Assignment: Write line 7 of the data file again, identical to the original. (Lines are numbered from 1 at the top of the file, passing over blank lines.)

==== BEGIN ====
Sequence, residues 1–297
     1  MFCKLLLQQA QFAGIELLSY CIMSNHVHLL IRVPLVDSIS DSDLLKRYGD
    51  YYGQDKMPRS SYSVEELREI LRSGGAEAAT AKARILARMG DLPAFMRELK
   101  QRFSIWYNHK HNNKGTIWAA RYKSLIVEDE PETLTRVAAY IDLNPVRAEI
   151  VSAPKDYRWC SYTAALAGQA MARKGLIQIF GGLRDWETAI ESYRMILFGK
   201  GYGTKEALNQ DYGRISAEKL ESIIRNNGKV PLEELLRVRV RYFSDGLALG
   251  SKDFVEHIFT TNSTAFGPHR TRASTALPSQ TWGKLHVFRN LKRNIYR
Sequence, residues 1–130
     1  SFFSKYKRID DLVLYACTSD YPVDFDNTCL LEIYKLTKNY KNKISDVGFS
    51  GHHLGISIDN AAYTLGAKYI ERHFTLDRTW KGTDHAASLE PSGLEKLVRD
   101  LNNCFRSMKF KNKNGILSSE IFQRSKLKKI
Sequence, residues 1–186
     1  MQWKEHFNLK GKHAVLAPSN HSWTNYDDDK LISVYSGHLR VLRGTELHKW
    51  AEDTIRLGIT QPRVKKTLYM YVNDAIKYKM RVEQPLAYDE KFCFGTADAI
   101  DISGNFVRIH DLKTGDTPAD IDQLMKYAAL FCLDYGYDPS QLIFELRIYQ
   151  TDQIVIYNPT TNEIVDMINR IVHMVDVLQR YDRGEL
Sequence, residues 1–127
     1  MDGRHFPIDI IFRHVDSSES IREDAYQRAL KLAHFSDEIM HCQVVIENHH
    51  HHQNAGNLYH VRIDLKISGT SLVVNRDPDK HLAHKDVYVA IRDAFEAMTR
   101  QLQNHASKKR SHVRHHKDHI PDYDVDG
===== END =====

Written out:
   251  SKDFVEHIFT TNSTAFGPHR TRASTALPSQ TWGKLHVFRN LKRNIYR